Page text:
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J Bone Miner Res. 2002 Jul;17(7):1219-29.

Melatonin at pharmacologic doses increases bone mass by suppressing resorption through down-regulation of the RANKL-mediated osteoclast formation and activation.

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Musculoskeletal Disease Center, Jerry L. Pettis Memorial Veterans Affairs Medical Center, Loma Linda, California 92357, USA.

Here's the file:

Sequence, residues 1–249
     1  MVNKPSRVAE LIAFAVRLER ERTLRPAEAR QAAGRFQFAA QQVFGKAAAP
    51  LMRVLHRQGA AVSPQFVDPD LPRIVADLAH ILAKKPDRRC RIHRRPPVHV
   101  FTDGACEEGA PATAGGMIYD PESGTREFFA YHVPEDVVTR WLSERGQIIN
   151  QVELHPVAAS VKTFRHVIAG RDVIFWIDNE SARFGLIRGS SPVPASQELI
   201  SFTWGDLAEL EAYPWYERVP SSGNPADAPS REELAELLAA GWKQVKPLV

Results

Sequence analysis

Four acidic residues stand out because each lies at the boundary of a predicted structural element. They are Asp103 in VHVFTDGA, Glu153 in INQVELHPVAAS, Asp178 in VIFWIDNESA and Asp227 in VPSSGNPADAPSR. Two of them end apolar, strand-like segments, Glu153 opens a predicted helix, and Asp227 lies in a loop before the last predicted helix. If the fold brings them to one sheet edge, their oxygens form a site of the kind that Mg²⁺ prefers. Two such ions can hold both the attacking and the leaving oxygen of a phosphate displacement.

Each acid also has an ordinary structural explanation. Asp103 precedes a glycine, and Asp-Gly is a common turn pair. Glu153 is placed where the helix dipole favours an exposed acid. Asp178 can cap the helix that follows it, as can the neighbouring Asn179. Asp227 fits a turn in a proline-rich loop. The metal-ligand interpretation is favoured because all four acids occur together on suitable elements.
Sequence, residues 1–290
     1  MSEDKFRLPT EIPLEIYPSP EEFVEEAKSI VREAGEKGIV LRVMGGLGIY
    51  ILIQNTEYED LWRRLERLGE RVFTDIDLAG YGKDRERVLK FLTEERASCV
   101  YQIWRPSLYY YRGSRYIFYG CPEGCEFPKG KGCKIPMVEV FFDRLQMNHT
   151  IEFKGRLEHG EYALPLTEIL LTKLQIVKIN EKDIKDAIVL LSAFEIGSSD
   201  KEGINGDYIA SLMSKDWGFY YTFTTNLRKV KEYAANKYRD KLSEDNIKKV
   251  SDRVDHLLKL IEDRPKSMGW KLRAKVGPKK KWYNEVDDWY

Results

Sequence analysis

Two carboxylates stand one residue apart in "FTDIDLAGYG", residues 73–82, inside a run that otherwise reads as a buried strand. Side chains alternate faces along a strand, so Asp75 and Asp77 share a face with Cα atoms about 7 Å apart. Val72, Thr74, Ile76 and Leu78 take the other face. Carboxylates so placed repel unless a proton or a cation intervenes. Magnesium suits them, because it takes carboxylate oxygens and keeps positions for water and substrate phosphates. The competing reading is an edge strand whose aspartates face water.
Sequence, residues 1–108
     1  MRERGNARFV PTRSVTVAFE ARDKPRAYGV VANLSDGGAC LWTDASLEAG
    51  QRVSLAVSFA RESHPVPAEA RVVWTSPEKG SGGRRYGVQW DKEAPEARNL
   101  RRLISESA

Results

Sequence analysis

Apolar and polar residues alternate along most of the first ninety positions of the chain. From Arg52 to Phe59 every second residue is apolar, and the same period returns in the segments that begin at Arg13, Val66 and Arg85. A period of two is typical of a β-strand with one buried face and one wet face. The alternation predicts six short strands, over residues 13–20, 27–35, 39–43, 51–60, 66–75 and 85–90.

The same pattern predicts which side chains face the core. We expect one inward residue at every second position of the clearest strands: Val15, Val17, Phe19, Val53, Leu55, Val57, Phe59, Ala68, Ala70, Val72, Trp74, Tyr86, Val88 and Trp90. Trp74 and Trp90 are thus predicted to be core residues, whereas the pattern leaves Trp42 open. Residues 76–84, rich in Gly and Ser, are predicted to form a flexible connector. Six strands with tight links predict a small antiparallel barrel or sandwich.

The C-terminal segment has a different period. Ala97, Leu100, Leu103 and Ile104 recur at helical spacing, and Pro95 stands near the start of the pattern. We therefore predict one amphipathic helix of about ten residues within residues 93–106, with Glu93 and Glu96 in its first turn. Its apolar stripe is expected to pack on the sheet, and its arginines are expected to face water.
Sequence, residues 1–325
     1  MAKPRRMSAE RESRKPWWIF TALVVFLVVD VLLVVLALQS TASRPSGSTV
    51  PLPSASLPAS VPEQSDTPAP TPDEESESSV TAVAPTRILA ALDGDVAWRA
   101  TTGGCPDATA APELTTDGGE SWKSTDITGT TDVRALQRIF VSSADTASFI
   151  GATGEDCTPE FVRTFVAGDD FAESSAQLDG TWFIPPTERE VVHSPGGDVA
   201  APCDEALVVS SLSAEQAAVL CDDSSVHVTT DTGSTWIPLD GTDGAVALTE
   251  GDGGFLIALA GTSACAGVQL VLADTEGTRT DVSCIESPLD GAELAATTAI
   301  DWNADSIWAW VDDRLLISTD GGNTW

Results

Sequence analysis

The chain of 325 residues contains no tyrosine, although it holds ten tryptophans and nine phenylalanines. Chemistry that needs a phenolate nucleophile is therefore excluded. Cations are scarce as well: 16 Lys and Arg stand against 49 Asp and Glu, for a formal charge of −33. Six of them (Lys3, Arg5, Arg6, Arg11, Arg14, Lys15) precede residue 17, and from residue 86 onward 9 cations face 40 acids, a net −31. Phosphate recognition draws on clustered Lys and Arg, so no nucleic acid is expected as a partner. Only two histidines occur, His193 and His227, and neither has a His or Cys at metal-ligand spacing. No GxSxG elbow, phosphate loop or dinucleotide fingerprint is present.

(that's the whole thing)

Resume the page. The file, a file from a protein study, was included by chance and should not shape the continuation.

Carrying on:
This study evaluated if melatonin would increase bone mass in mice. Four groups of 4-week-old male ddy mice received daily injections of vehicle or 1, 5, or 50 mg/kg of melatonin, respectively, for 4 weeks. Treatment with 5 mg/kg per day or 50 mg/kg per day of melatonin significantly increased bone mineral density (BMD; by 36%, p < 0.005) and bone mass (bone volume per tissue volume [BV/TV] by 49%, p < 0.01, and trabecular thickness [Tb.Th] by 19%, p < 0.05). This treatment significantly reduced bone resorption parameters (i.e., osteoclast surface [Oc.S/bone surface [BS]] by 74%,p < 0.05, and osteoclast number [N.Oc/BS] by 76%,p < 0.005) but did not increase histomorphometric bone formation parameters (i.e., bone formation rate [BFR/ BS], mineral apposition rate [MAR], and osteoid volume [OV/TV]), indicating that melatonin increases bone mass predominantly through suppression of bone resorption. Melatonin (1-500 microM) in vitro caused dose-dependent reduction (p < 0.001 for each) in the number and area of resorption pits formed by osteoclasts derived from bone marrow cells but not those formed by isolated rabbit osteoclasts. Because RANKL increases, while osteoprotegerin (OPG) serves as a soluble decoy receptor for RANKL to inhibit osteoclast formation and activity, the effect of melatonin on the expression of RANKL and OPG in mouse MC3T3-E1 osteoblastic cells was investigated. Melatonin (5-500 microM) increased in a dose-dependent manner and reduced the mRNA level of RANKL and both mRNA and protein levels of OPG in MC3T3-E1 cells (p < 0.001 for each). In summary, these findings indicated for the first time that melatonin at pharmacologic doses in mice causes an inhibition of bone resorption and an increase in bone mass. These skeletal effects probably were caused by the melatonin-mediated down-regulation of the RANKL-mediated osteoclast formation and activation.

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